Warhorse Studios’ award-winning action role-playing game Kingdom Come: Deliverance (2018) has—perhaps somewhat unkindly—been described as a “peasant simulator.” Nonetheless, “simulation” is a good description of the way in which its gameplay is conceived and framed, with a stated focus on historical accuracy and realism. This verisimilitude has been cited as having a noticeable cost in terms of accessibility for new players, with something of a steep learning curve required to master the game, but has also frequently been cited in positive reviews. The level of realism is indeed impressive. It extends not only to the need to eat, drink, and sleep, but also to the need to learn how to read (vernacular and Latin separately) if the player wishes to glean any information from written texts. But a focus on realism always brings with it challenges. The highly effective musical score of this game, written by Jan Valta and Adam Sporka, features an interactive and adaptive score, making use of a new engine developed specifically for the game called the Sequence Music Engine. There is already a neat tension here between the stated aim of historical fidelity and the modern expectation of an adaptive score; no preexistent “authentic” music can be used in this manner. As with all games, and indeed all screen media, composers and studios must work hard to balance authenticity to the medium and the genre with authenticity to the period. We expect fairly ubiquitous non-diegetic music in screen media—and its absence carries very particular semantics—but fifteenth-century Bohemia was conspicuous in its absence of invisible, itinerant symphony orchestras roaming its landscape.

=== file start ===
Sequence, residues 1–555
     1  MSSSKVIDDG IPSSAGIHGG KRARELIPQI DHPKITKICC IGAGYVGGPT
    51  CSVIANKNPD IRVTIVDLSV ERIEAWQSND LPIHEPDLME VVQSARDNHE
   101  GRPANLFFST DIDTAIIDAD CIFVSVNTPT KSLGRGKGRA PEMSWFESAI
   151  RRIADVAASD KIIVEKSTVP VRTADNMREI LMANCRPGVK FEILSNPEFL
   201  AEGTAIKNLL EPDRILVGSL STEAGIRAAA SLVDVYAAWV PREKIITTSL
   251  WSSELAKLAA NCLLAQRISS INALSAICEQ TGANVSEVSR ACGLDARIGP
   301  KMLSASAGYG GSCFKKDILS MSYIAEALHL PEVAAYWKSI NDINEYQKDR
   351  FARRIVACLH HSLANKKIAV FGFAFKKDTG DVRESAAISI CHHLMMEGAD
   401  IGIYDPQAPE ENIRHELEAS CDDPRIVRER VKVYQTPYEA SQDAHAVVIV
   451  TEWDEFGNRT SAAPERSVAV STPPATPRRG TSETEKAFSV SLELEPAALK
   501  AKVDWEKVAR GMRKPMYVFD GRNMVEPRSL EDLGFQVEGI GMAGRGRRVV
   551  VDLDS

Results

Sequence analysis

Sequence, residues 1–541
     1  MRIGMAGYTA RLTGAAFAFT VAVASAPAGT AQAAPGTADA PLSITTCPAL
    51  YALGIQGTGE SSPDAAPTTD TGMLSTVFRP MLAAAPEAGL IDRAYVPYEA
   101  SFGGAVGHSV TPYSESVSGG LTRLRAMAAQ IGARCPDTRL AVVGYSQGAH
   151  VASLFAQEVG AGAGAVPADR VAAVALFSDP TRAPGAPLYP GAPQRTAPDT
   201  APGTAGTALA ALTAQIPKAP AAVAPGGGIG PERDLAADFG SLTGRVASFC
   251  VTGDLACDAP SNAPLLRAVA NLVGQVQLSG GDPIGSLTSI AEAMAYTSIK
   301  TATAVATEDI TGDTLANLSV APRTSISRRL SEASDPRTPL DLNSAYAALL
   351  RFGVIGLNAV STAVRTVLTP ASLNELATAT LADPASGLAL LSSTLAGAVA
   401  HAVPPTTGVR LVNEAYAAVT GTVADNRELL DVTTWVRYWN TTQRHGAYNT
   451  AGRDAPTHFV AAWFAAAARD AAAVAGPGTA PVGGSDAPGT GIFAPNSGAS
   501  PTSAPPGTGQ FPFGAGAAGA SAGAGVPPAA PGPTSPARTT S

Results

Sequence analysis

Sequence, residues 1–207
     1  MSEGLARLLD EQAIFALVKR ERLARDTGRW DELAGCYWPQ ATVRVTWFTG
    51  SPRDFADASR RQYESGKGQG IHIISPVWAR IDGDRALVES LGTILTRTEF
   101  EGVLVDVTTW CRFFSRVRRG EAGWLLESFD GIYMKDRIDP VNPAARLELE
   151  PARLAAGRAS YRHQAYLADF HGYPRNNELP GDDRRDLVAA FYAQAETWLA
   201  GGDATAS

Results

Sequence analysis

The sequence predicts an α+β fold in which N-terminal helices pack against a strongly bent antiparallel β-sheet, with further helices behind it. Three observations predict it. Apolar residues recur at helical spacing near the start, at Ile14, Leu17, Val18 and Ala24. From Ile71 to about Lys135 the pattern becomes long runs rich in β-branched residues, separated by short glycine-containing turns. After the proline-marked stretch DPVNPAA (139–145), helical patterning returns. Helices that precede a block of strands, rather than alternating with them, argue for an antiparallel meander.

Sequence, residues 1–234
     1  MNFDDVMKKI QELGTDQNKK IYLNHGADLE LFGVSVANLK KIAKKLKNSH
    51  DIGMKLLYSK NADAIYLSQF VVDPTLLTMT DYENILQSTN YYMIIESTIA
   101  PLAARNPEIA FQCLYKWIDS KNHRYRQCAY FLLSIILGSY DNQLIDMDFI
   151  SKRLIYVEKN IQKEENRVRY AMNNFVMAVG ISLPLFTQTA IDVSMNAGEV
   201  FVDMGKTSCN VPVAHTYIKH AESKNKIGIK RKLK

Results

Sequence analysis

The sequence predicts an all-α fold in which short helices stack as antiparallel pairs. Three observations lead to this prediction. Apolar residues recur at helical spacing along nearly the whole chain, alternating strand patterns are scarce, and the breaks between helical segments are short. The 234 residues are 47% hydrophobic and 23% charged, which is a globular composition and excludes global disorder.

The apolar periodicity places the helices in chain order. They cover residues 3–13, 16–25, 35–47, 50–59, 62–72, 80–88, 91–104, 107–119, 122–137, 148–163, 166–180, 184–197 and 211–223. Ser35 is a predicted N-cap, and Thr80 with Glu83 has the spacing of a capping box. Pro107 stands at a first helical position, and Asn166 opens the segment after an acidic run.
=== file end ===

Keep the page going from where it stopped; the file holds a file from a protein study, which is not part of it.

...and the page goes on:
This article focuses on the interplay between fantasy and “authenticity,” especially considering the ways in which the composers work creatively to give an immersive and coherent soundworld, within the limits of what I term an “aesthetic of authenticity.” It explores the creative interplay between the “real” historical environment and that which is understood to be real in the popular consciousness, as well as the interconnected web of demands set by the medium, the interactive and narrative genres, and the historical setting.

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